Friday, November 11, 2011

Pierrot le Fou


C'est la Semaine de la Nouvelle Vague française! Toute la semaine, nous allons voir des films de cette période révolutionnaire et les plus influents dans l'histoire de certains de ses plus grands réalisateurs.

Pierrot le Fou
seen online via YouTube
11.11.11

Okay, remember earlier this year when I talked about whether or not so-called boring movies had any value? I said that it depended on one's level of receptiveness, and that if you didn't like a certain movie, you shouldn't let other critics opinions of it sway you. I still believe that - but I'm kinda struggling with applying that belief myself here, so bear with me here.


As we come to the end of French New Wave Week, I've saved the biggest for last: Jean-Luc Godard. Like Francois Truffaut and others, a writer for Cahiers du Cinema prior to becoming a filmmaker. Also like them, started out doing short films before graduating to features (though Godard also made a feature-length documentary during this period). At Cannes in 1959, when The 400 Blows made its big splash, Truffaut introduced Godard to a producer willing to take a chance on him and the result was 1960's Breathless, the film, Godard said, that was the product of "a decade's worth of making movies in my head." And the hits just kept on coming. Contempt. Band of Outlaws. Alphaville. And much more.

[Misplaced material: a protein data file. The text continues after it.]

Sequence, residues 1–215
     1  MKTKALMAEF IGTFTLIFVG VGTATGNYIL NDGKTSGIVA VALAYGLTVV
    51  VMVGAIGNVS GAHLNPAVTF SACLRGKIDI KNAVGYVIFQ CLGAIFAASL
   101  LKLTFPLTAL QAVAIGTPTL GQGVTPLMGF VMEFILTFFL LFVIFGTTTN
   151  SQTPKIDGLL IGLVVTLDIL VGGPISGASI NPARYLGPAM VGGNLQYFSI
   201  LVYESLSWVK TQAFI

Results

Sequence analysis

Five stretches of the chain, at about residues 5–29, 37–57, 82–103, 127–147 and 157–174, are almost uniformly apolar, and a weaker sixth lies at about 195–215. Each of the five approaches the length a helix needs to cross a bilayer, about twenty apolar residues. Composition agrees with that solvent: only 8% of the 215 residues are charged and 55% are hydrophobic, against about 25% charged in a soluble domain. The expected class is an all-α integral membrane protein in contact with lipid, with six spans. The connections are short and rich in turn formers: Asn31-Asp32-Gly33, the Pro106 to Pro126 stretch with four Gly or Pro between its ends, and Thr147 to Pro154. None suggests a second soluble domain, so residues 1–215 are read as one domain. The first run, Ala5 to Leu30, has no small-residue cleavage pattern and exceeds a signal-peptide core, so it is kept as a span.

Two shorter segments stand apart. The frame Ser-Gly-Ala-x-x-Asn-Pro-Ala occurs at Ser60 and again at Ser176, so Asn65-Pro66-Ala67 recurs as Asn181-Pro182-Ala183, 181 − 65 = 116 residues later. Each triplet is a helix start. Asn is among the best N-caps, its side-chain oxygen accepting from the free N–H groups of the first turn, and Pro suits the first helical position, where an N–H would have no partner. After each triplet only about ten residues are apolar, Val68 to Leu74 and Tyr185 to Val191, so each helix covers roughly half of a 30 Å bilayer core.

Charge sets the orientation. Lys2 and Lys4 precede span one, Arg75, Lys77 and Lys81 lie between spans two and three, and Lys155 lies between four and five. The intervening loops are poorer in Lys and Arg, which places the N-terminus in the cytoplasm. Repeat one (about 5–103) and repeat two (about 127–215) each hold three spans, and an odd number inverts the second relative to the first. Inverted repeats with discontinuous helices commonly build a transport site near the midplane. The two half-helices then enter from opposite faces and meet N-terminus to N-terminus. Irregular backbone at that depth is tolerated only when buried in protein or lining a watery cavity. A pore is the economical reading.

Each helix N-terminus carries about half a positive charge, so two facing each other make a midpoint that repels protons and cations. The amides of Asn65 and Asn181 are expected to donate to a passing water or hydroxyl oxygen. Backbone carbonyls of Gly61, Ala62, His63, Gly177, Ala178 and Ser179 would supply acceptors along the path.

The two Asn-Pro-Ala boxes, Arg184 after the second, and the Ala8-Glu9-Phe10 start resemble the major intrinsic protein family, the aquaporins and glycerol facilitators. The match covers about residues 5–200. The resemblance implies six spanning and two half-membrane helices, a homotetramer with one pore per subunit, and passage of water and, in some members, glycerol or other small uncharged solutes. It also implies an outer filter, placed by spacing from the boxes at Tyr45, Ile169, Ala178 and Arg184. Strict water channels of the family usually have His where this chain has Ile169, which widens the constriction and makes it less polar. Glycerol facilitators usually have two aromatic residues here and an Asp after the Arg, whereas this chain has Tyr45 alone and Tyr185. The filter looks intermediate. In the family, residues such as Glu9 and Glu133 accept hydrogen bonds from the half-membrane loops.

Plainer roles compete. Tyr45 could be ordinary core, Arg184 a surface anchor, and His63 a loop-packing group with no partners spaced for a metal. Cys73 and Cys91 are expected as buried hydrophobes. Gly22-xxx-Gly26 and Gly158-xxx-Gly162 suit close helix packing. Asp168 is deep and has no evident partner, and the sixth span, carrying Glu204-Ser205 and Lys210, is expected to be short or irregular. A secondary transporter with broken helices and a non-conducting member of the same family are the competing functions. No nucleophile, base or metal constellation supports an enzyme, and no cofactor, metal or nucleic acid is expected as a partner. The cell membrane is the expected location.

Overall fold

I understand that JLG did things in movies that nobody else had done before, like jump cuts. I understand that his films were radically different than others in terms of story and storytelling. And I understand that his influence could be felt in America, which led to a similar cinematic renaissance in the mid-60's and into the 70's. And maybe I just picked the wrong movie of his to watch...